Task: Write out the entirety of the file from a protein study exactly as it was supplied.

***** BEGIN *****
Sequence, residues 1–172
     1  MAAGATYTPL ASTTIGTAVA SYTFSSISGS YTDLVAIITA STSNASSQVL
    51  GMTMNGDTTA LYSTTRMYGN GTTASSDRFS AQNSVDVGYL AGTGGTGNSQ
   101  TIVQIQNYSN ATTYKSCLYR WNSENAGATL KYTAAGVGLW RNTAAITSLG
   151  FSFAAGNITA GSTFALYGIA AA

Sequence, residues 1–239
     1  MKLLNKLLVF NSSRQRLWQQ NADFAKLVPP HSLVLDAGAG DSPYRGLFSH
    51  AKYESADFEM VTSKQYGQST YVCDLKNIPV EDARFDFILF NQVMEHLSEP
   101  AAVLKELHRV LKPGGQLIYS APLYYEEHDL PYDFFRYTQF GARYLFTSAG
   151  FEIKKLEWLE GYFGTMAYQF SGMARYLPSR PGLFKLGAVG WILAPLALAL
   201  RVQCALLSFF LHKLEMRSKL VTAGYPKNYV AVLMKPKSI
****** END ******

Sequence, residues 1–172
     1  MAAGATYTPL ASTTIGTAVA SYTFSSISGS YTDLVAIITA STSNASSQVL
    51  GMTMNGDTTA LYSTTRMYGN GTTASSDRFS AQNSVDVGYL AGTGGTGNSQ
   101  TIVQIQNYSN ATTYKSCLYR WNSENAGATL KYTAAGVGLW RNTAAITSLG
   151  FSFAAGNITA GSTFALYGIA AA

Sequence, residues 1–239
     1  MKLLNKLLVF NSSRQRLWQQ NADFAKLVPP HSLVLDAGAG DSPYRGLFSH
    51  AKYESADFEM VTSKQYGQST YVCDLKNIPV EDARFDFILF NQVMEHLSEP
   101  AAVLKELHRV LKPGGQLIYS APLYYEEHDL PYDFFRYTQF GARYLFTSAG
   151  FEIKKLEWLE GYFGTMAYQF SGMARYLPSR PGLFKLGAVG WILAPLALAL
   201  RVQCALLSFF LHKLEMRSKL VTAGYPKNYV AVLMKPKSI